With a Keen Eye and a Razor Wit, Kumail Nanjiani Is Becoming an Inescapable Creative Force

Silicon Valley star shares his creative process, The Big Sick and his take on advertising

Kumail Nanjiani is Adweek's Creative 100 cover star.
Photographed by: Marc Royce Prop Styling: Nathan Carden/Jorge Perez Reps Grooming: Sydney Sollod/The Wall Group

Picture your classic Hollywood triple threat. Now, throw it out the window, in the garbage, wherever, and say hello to Kumail Nanjiani—the stand-up comedian who’s redefining what it means to be a modern-day triple threat. Everything about the Silicon Valley star—from his upbringing in Karachi, Pakistan, to his unorthodox love story with now-wife Emily Gordon, which inspired his upcoming film The Big Sick—is intriguing.

In the film, co-written by the couple based heavily on their whirlwind love story, Nanjiani plays a nearly identical version of himself—a Pakistani-American stand-up comedian slash Uber driver who falls for a white woman (played by Zoe Kazan), something his parents are wholly against. Nanjiani keeps the budding romance a secret until a twist of fate comes his way just as the relationship waters get choppy and Emily is placed in a medically induced coma (and yes, that did in fact happen in real life).

See? Not your typical rom-com from a not-so-typical comedian.

When he’s not performing his latest stand-up routine, Nanjiani plays Dinesh on HBO’s tech comedy Silicon Valley and has dipped his toes in the world of podcasting. Now, he can add starring in and writing his first major film, for which Amazon Studios ponied up a whopping $12 million after it screened at Sundance, to his list of accomplishments.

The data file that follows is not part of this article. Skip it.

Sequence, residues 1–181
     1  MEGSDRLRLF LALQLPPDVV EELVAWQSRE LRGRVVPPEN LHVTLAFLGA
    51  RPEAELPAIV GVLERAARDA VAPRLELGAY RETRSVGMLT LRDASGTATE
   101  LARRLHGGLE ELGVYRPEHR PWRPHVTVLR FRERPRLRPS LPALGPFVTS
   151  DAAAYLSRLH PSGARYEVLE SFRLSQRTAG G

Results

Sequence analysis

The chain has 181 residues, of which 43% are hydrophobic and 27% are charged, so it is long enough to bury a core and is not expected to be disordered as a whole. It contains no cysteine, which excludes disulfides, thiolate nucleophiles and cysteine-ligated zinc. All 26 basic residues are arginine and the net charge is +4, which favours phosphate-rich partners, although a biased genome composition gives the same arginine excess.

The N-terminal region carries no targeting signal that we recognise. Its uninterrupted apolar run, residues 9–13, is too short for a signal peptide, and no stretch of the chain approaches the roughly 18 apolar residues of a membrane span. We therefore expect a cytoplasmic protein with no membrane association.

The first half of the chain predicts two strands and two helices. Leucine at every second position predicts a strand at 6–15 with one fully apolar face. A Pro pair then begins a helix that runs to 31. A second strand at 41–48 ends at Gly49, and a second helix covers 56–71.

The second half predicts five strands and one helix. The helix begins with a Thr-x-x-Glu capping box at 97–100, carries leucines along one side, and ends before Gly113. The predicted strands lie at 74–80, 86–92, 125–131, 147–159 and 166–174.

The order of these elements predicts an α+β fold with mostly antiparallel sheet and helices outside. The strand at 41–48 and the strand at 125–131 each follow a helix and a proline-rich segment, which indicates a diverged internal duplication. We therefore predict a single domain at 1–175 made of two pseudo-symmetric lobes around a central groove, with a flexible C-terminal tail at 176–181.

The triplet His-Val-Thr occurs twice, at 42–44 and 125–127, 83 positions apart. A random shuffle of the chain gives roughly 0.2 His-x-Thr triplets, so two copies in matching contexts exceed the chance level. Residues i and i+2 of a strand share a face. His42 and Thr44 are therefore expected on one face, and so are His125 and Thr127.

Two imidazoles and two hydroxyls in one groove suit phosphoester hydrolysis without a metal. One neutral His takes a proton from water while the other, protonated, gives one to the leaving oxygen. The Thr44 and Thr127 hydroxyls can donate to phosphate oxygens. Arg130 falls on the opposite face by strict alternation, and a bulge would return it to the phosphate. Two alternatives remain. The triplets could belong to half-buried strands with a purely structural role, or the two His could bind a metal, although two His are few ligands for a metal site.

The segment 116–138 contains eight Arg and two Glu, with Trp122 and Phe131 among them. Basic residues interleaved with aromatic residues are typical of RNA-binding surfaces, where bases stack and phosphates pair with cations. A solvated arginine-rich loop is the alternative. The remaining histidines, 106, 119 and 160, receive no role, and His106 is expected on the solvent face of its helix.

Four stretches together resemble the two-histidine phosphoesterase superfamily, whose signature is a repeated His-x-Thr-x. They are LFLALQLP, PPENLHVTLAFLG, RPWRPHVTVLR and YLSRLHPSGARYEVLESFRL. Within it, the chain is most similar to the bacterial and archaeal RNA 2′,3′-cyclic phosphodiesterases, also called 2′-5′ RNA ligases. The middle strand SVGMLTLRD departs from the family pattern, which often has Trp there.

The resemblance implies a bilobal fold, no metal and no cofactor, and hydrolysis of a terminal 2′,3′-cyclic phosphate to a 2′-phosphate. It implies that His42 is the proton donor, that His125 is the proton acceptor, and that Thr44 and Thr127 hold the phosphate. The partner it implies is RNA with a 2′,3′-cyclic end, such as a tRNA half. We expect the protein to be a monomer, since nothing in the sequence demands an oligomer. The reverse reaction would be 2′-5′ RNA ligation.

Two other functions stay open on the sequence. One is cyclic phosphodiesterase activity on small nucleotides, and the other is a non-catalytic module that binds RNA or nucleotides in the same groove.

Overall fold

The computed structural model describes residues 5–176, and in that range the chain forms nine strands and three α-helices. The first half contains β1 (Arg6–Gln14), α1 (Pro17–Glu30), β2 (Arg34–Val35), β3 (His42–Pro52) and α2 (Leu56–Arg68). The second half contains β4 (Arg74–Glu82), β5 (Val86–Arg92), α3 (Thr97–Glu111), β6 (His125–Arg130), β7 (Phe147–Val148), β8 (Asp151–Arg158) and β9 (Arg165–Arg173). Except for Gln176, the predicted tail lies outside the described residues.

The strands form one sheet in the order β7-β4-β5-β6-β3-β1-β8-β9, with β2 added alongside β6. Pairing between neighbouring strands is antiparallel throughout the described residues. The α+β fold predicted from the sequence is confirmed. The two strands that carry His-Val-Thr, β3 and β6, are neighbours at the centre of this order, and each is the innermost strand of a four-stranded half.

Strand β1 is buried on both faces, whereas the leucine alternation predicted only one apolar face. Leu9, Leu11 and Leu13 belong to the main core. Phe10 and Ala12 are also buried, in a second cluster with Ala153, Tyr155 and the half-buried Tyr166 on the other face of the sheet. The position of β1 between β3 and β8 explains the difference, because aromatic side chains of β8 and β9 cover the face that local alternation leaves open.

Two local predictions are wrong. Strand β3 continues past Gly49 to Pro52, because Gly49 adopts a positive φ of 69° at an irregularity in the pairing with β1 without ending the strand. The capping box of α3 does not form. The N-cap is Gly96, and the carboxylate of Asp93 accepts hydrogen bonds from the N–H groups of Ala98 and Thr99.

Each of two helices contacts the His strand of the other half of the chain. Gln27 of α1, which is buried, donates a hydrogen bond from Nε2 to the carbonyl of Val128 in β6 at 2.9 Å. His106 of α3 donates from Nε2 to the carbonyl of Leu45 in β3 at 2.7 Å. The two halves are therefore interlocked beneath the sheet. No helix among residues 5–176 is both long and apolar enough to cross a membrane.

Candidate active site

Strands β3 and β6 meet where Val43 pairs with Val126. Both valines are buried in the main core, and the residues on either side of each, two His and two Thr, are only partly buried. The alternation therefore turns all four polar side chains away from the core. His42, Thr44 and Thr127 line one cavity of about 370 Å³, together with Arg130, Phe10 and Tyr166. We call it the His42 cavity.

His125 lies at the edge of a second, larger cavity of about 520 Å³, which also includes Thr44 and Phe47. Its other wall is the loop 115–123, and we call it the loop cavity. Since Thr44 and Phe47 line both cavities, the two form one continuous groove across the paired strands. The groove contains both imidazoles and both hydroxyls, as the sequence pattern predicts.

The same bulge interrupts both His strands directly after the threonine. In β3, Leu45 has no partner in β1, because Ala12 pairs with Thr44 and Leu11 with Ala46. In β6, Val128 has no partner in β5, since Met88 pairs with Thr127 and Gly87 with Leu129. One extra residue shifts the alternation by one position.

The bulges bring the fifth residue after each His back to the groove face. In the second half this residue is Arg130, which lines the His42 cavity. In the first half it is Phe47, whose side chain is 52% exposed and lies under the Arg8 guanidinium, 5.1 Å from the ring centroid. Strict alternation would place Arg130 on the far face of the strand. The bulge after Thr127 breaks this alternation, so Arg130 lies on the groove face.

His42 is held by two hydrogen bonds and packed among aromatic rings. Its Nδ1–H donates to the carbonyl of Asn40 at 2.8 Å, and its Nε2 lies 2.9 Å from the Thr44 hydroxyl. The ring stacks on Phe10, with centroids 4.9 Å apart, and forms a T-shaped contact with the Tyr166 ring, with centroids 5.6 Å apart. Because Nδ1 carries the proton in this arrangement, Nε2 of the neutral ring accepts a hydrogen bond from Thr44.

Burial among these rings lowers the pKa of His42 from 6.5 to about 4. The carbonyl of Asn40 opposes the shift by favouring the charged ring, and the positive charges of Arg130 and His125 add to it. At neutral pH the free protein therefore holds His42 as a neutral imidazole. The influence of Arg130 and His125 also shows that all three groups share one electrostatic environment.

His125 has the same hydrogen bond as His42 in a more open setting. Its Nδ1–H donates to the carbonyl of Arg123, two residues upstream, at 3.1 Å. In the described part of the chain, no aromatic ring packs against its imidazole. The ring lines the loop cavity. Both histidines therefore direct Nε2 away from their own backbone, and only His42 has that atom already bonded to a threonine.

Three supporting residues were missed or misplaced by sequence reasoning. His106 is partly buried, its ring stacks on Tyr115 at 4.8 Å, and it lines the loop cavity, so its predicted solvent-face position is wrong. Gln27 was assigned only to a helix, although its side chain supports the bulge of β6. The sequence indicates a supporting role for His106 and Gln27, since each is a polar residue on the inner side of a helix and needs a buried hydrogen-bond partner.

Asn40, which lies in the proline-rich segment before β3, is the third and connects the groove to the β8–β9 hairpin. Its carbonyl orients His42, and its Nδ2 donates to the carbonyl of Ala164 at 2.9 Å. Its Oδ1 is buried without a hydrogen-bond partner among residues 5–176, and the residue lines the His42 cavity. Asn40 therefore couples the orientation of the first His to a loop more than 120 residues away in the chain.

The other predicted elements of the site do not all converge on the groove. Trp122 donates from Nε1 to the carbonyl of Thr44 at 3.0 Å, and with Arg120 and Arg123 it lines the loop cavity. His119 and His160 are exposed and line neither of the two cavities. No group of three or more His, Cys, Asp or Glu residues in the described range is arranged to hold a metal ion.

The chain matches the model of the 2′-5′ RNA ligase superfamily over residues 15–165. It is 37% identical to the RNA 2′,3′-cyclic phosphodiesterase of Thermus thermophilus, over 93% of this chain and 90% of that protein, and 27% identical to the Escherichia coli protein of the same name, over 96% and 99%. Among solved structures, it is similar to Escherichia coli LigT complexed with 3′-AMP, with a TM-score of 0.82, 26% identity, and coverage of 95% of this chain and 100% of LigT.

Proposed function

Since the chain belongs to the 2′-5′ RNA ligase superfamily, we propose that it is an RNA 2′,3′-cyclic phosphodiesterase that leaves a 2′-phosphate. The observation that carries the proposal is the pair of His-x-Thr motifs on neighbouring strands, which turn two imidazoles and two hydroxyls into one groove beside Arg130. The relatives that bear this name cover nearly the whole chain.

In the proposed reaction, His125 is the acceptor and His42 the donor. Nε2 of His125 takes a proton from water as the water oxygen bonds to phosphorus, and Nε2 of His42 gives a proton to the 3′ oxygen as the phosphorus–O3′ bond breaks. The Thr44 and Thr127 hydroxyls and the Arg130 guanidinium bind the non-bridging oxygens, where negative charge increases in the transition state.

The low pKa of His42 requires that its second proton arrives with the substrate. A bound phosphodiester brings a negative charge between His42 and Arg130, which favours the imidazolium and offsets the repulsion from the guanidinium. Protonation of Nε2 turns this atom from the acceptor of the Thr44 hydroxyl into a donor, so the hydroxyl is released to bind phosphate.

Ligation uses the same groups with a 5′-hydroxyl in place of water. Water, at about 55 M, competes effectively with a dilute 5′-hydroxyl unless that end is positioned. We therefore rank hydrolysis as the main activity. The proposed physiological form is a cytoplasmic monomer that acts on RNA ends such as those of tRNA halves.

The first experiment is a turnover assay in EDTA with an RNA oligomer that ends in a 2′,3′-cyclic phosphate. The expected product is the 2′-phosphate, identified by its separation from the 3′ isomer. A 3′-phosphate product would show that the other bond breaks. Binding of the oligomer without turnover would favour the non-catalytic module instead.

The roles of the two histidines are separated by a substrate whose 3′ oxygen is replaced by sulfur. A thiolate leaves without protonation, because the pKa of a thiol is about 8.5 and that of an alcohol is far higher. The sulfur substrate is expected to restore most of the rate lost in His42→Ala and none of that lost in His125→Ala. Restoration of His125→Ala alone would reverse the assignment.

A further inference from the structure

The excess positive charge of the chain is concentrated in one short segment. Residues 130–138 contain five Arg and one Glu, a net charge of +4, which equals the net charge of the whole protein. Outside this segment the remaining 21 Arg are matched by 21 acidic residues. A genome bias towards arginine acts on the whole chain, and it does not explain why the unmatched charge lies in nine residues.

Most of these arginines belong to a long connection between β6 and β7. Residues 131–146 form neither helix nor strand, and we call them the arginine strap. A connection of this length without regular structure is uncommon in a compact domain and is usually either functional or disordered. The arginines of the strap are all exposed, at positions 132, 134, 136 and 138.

Adweek caught up with Nanjiani, Adweek’s Creative 100 cover star for 2017, at the tail end of the first leg of his current comedy tour with Big Sick co-stars Aidy Bryant, Kurt Braunohler and Ray Romano. He told us about his creative process, starring alongside Snoop Dogg and Julia Louis-Dreyfus in an Old Navy campaign, and what he hopes to accomplish next.

Adweek: Your first major film comes out at the end of the month. Are you excited?
Kumail Nanjiani: I feel a lot of different ways. Most importantly, I guess, I feel happy with the movie itself. Beyond that, you can’t really control people’s reactions or how it does at the box office. So, it’s a little nerve-wracking trying to guess if people are going to go see it or not. The most important thing, though, is that I feel happy with the thing that we did.

What was the best part about making this movie?
I genuinely loved the whole thing so much, especially once we had financing for the movie, did the casting, and knew we were going to make the movie. Me, Emily, Mike [Showalter], Barry [Mendel] and Judd [Apatow] would just hang out all day and talk about making the movie. All day every day, Emily and I were writing and rewriting the movie. Just to see it get better and better with each draft was really exciting. Then shooting the actual movie, I loved working with Ray Romano and Holly Hunter. They’re both legends, and I’ve been a fan of them for so long. To get to work with people of that caliber was just such a thrill. It was so fun! We would take weekends off, and on Sundays I would start losing it. I would be like, “Let’s go, let’s go, let’s shoot some more!” I loved just being in Williamsburg, rehearsing on the weekends and shooting during the week. I loved the feeling of everybody working toward one common goal. It really felt like the entire crew, just everybody, was really invested in making a good movie.

I laughed a lot and shed a few tears when I saw it.
Yeah, definitely. The good thing was that all of us, everyone involved, we really were trying to make the best movie. Everybody got the tone, so it wasn’t like there were big disagreements about the kind of movie we wanted to make. That would have been way tougher. The fact that we all knew the kind of movie we wanted to make made all the discussions much more constructive. There would be times when Emily would say, “I don’t think there should be a joke here,” and sometimes I would disagree with her, but we just sort of had to talk about each little thing. Even if we did disagree, the conversation always made for a better movie.

This story first appeared in the June 12, 2017, issue of Adweek magazine. Click here to subscribe.

Recommended articles